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Contesting a will due to undue influence

On Behalf of | Oct 20, 2023 | Probate Litigation

Texas adults generally have the legal right to put together their own estate plans. They can leave instructions regarding the distribution of their property and the care of any dependent family members. Someone’s testamentary documents should reflect the legacy they wish to leave behind and the relationships they have cultivated throughout their life. Unfortunately, sometimes outside influences unfairly impact an estate plan.

Family members in Texas may review someone’s final will with shock because the instructions provided deviate from what a testator has always stated they wanted to do. Especially when one person benefits from those changes, people may question whether that person influenced the testator in question. Depending on a family’s circumstances, probate litigation may be an option in such scenarios.

Claims of undue influence must meet certain standards

People cannot successfully challenge an estate in probate court just because they feel dissatisfied with the terms someone set. They need reason to suspect there is an issue with the document or the circumstances of its creation. To claim in probate court that someone used their relationship to benefit from an estate, the party filing the lawsuit needs proof that the situation meets specific standards. A claim of undue influence is essentially an allegation that an outside party used their relationship to coerce, threaten or manipulate the testator.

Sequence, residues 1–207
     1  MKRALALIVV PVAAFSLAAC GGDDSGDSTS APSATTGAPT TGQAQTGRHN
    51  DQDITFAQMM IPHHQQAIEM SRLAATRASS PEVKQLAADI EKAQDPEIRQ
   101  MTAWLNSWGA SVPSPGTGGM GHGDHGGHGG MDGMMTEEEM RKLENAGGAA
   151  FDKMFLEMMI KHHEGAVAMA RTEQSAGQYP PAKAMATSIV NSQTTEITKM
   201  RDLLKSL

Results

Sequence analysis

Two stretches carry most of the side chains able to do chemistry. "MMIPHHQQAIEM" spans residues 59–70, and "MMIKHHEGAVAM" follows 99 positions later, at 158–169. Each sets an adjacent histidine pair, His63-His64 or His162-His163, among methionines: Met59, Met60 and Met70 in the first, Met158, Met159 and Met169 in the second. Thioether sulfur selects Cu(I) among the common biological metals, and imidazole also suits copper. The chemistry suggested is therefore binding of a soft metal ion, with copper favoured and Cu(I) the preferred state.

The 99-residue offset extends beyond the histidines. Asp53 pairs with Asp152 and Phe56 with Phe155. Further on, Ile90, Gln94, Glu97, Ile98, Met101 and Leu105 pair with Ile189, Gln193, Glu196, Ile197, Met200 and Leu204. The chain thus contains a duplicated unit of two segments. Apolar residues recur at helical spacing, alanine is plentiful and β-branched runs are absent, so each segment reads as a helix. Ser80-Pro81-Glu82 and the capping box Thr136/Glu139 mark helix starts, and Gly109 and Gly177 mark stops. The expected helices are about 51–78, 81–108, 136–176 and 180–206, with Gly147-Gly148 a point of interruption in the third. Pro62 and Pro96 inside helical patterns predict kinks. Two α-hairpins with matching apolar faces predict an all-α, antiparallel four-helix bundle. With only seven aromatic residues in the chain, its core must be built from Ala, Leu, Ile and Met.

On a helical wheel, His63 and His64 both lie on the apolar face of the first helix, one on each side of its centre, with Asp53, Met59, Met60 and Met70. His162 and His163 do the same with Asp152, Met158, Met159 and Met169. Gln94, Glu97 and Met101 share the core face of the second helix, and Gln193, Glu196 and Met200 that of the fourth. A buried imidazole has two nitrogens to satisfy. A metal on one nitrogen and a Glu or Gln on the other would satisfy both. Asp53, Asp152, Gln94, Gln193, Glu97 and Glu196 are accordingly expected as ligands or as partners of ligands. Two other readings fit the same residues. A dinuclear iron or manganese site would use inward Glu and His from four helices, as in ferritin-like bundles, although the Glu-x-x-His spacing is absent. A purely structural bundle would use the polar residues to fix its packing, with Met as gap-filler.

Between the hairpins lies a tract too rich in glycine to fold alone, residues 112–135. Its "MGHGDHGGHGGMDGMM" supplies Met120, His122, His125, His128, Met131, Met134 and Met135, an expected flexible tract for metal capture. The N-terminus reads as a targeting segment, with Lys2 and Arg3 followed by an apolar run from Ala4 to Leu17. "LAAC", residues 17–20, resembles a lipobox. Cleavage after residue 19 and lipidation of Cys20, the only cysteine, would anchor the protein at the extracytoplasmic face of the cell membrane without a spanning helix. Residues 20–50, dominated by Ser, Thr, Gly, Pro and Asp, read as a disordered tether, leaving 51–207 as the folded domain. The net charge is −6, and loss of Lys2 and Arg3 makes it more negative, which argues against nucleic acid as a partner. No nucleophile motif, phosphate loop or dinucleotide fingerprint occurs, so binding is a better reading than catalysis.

Establishing that fact in probate court will require a bit of effort. First, plaintiffs will need to prove that the testator was somehow vulnerable. Medical issues that left them dependent on loved ones for care would be a perfect example of a scenario in which undue influence is a noteworthy risk. Then, plaintiffs would need to establish that the party exerting the influence benefited from their efforts. Producing a prior will with a very different distribution of assets could help meet this standard. Finally, any evidence that shows how a beneficiary manipulated or otherwise influenced the testator will help.

Those disappointed by estate planning documents often have emotional reactions and may have a hard time being their own best advocate. As a result, seeking legal guidance can make all the difference for those intending to pursue probate litigation in Texas.